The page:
It was a dreary mid-October day when I convinced a friend that we should head down to Freeport. Initially, I thought that we would head over to the Mast Landing Audubon Sanctuary but since the forecast promised rain, we decided to browse around the outlets as an alternate diversion. Our real adventure would consist of finding a new route to Freeport, avoiding both the route that would take us through the construction on Route 1 in Bath and the one through Augusta to 295. So with my friend acting as navigator, we meandered our way down a number of back country roads towards our destination. Ultimately, we discovered that it did not matter whether one travels to Freeport via the highway or the byway, it would still require an hour and half of driving time but at least the back roads option had some really nice views.
Once in Freeport, we started to roam around town through a few outlet stores but it wasn’t long before we both realized that neither one of us was in the mood for such activity. Since it wasn’t raining yet, we decided to implement our original plan and headed over to the Mast Landing Audubon Sanctuary for some outdoor exploration.
After viewing a trail map (which we later decided was not quite accurate), we planned on walking a loop by hiking the Ridge Trail to the Bench Loop Trail towards the Mill Stream Trail. From there, the service road would take us back to the car. Not long into our exploration, we found the remains of the Old Farmhouse Foundation (marked on the trail map). On this occasion, it was roped off and marked as an archaeological site so we moved on.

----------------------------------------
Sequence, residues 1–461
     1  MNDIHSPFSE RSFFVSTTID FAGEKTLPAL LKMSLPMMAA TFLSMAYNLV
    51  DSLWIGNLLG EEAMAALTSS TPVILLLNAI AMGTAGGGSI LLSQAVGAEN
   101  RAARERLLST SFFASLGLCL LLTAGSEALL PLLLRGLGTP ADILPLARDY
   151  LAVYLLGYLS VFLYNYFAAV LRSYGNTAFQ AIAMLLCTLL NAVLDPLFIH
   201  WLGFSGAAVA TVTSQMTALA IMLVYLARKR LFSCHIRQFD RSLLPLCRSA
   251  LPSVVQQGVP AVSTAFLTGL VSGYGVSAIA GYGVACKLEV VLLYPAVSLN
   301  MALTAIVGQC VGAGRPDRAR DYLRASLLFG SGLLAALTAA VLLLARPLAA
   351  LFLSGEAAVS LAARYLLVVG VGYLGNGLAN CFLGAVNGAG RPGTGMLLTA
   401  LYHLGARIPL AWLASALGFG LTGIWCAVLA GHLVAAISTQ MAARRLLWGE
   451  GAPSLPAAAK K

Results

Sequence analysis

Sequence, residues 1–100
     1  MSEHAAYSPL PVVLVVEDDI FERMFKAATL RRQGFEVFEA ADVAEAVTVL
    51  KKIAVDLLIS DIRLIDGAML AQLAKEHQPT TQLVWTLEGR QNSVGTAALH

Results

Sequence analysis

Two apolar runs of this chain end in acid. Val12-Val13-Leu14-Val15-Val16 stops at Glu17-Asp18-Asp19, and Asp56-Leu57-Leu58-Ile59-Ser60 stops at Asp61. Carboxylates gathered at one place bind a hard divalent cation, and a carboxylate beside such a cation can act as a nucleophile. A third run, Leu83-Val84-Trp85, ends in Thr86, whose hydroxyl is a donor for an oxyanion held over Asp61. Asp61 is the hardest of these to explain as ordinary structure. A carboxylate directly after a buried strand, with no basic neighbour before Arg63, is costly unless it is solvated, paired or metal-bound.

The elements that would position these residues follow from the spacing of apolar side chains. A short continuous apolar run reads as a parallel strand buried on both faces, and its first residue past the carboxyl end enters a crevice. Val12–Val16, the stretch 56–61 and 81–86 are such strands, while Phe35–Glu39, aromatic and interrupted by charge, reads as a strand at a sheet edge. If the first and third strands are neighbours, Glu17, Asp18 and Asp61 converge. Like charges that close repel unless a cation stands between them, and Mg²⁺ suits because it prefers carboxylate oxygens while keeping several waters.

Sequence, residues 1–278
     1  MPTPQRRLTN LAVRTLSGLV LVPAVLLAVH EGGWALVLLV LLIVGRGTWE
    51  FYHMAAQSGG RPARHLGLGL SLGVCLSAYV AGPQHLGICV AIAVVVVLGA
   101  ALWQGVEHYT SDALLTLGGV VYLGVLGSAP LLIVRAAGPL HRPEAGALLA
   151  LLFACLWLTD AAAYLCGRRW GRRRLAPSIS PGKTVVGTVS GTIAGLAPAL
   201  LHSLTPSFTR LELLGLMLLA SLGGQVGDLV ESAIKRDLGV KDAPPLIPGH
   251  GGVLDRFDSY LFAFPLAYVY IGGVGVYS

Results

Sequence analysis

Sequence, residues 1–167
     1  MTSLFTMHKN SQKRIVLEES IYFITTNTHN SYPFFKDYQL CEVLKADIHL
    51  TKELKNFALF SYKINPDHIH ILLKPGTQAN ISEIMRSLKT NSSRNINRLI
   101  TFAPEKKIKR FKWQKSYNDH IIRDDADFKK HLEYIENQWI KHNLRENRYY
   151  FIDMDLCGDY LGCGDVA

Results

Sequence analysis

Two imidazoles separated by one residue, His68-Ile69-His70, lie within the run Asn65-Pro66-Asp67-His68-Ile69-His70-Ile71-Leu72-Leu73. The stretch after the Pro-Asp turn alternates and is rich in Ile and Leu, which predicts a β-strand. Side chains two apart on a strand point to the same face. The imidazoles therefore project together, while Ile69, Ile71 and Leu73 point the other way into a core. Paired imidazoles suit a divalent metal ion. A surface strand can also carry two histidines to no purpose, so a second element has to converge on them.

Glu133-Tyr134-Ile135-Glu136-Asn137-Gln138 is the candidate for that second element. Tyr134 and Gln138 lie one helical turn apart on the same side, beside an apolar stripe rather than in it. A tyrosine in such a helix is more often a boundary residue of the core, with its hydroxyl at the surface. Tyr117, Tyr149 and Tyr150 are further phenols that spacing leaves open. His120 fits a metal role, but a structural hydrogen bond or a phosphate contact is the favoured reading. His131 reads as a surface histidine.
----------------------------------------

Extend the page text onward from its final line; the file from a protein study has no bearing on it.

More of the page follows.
At the next intersection, wooden signs pointed straight to continue on the Ridge Trail or right towards the Deer Run Trail. We headed straight according to plan but it was interesting to note that the connecting trail towards Deer Run was not marked on the map. Although the day was pretty dreary, we were still able to enjoy the subdued colors or the season as we walked along. I stopped a few times to study some interesting lichen, fungus or a brightly colored leaf stuck in a pine tree before moving on to the next attraction.
As we headed down the back side of our loop, we passed two benches before reaching an intersection that was not clearly marked. We made our best guess, only to find ourselves in a maze of trails. Eventually, we reached a clearing with a single apple tree and joked that at least we would not go hungry. Finally, at the far end of the clearing we found a wooden sign pointing towards the Mill Stream Trail. We followed this trail along the stream before ending at the remains of the old mill site and dam. We studied the ruins for a bit before walking down the service road towards the car.